Intravenous Lipid Emulsion Therapy for Severe Diphenhydramine Toxicity: A Randomized, Controlled Pilot Study in a Swine Model Presented as a poster at the ACEP Scientific Assembly, October 2012, Denver, CO.

Shawn M. Varney, Vikhyat S. Bebarta, Susan M. Boudreau, Toni E. Vargas, Maria Castaneda, Lee A. Zarzabal

Research output: Contribution to journalArticle

6 Scopus citations

Abstract

Study objective Diphenhydramine is a moderately lipophilic antihistamine with sodium channel blockade properties. It is consumed recreationally for mild hallucinogenic and hypnotic effects and causes dysrhythmias, seizures, and death with overdose. Intravenous lipid emulsion is a novel agent used to treat lipophilic drug overdose. Two case reports describe clinical improvement with intravenous lipid emulsion after diphenhydramine toxicity, but no prospective studies have been reported. Our objective is to determine whether intravenous lipid emulsion improved hypotension compared with sodium bicarbonate for severe diphenhydramine toxicity in a model of critically ill swine. Methods Twenty-four swine weighing 45 to 55 kg were infused with diphenhydramine at 1 mg/kg per minute until the mean arterial pressure reached 60% of baseline. Subjects were randomized to receive intravenous lipid emulsion (bolus of 7 mL/kg and then 0.25 mL/kg per minute) or sodium bicarbonate (2 mEq/kg plus an equal volume of normal saline solution). We measured pulse rate, systolic blood pressure, mean arterial pressure, cardiac output, QRS interval, and serum diphenhydramine level. Twelve animals per group provided a power of 0.8 and α of.05 to detect a 50% difference in mean arterial pressure. We assessed differences between groups with a repeated-measures linear model (MIXED) and Kaplan-Meier estimation methods. We compared systolic blood pressure, mean arterial pressure, and cardiac output with repeated measures ANOVA. Results Baseline weight, hemodynamic parameters, QRS interval, time to hypotension, and diphenhydramine dose required to achieve hypotension were similar between groups. After hypotension was reached, there was no overall difference between intravenous lipid emulsion and sodium bicarbonate groups for cardiac output or QRS intervals; however, there were transient differences in mean arterial pressure and systolic blood pressure, favoring intravenous lipid emulsion (difference: mean arterial pressure, sodium bicarbonate versus intravenous lipid emulsion -20.7 [95% confidence interval -31.6 to -9.8]; systolic blood pressure, sodium bicarbonate versus intravenous lipid emulsion -24.8 [95% confidence interval -37.6 to -12.1]). Time to death was similar. One intravenous lipid emulsion and 2 sodium bicarbonate pigs survived. End-of-study mean total serum diphenhydramine levels were similar. The mean lipid layer diphenhydramine level was 6.8 μg/mL (SD 3.1 μg/mL) and mean aqueous layer level 8.6 μg/mL (SD 5.5 μg/mL). Conclusion In our study of diphenhydramine-induced hypotensive swine, we found no difference in hypotension, QRS widening, or diphenhydramine levels in aqueous layers between intravenous lipid emulsion and sodium bicarbonate.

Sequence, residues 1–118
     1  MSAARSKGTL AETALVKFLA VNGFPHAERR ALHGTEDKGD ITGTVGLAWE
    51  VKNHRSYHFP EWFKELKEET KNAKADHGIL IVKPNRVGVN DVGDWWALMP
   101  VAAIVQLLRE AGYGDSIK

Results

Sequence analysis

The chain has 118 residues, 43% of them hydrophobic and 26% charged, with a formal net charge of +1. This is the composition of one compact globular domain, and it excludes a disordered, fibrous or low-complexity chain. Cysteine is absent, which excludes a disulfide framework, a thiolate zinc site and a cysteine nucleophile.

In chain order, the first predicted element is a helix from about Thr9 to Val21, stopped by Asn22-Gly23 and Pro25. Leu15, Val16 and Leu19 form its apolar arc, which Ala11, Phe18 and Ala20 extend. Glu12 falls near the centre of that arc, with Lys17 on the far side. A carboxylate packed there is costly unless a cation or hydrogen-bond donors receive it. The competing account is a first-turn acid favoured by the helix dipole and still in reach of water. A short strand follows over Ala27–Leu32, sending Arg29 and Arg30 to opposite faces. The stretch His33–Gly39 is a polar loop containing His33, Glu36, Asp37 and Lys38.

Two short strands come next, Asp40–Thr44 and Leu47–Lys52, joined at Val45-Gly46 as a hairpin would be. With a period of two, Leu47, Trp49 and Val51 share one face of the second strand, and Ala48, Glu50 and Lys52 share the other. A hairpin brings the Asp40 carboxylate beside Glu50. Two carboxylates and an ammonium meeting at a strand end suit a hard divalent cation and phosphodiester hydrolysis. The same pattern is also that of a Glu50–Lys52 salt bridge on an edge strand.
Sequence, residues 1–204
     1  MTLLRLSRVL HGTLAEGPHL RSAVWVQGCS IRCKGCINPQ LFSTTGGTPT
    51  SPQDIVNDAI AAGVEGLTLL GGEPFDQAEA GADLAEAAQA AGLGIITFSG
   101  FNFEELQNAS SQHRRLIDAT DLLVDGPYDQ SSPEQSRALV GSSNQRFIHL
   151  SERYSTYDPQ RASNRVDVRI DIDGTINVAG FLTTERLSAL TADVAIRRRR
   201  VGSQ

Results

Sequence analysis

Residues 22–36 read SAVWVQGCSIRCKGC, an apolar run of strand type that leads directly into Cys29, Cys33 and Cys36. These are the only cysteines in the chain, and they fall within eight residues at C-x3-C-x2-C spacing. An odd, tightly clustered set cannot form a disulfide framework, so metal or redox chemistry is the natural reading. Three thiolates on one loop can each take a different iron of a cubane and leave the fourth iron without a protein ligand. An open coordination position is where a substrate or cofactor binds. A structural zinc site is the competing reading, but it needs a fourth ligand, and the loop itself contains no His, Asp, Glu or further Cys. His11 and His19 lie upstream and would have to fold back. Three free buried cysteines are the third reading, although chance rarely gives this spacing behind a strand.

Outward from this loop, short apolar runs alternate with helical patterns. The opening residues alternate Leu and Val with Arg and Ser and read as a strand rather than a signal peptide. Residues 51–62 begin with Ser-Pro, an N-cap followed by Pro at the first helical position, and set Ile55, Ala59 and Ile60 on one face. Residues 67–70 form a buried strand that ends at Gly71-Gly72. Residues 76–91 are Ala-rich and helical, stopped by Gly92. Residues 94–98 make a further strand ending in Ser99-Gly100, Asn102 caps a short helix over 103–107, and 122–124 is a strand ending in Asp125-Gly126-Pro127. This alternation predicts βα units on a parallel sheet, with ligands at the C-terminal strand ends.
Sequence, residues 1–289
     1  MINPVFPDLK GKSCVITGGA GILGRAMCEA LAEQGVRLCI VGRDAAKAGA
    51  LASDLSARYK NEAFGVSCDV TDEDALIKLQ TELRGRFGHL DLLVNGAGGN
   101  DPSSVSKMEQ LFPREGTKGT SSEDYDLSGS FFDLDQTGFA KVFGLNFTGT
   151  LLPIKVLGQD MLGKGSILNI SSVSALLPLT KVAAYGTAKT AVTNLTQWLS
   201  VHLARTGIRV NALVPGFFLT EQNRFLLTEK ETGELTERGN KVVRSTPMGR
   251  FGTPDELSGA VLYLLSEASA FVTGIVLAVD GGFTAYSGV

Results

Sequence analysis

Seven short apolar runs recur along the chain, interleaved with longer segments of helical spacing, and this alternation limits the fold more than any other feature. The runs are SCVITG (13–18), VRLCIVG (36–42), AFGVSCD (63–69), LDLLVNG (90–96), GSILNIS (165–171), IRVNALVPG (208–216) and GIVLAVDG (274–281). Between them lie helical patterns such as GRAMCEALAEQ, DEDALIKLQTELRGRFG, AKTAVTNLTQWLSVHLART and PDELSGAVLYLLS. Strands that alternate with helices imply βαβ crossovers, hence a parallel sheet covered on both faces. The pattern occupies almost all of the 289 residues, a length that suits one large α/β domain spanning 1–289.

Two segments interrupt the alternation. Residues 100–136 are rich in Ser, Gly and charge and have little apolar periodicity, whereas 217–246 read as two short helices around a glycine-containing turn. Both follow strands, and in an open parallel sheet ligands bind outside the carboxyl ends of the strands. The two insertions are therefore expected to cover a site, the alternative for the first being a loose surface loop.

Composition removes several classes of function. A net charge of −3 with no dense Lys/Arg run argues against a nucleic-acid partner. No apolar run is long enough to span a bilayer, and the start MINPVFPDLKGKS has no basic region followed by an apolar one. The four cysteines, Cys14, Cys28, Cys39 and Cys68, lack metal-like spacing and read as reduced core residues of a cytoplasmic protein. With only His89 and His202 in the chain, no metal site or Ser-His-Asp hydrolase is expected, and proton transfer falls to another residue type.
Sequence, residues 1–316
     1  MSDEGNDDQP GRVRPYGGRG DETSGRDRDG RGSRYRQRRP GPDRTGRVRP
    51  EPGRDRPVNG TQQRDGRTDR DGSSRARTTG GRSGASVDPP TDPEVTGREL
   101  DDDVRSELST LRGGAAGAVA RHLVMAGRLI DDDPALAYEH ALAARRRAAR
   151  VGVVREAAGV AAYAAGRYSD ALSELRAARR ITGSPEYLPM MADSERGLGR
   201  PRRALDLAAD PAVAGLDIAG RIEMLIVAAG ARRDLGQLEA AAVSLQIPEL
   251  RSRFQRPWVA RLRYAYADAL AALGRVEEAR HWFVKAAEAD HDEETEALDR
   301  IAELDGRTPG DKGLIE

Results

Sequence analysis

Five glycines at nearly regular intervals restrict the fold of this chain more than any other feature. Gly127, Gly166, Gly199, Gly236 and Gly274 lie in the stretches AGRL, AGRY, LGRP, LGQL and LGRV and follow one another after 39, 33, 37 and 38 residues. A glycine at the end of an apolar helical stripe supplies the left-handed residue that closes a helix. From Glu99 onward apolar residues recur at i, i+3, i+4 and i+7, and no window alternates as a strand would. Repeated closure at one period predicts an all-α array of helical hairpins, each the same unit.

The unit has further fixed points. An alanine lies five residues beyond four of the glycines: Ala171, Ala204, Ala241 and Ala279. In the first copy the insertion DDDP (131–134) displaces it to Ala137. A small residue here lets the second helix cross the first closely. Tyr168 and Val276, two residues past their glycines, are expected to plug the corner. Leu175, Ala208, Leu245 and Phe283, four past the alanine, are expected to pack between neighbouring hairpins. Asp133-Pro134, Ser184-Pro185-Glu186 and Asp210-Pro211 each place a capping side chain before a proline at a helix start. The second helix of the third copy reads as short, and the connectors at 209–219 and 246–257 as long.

Original languageEnglish (US)
Pages (from-to)196-205.e3
JournalAnnals of Emergency Medicine
Volume67
Issue number2
DOIs
StatePublished - Feb 1 2016
Externally publishedYes

ASJC Scopus subject areas

  • Emergency Medicine

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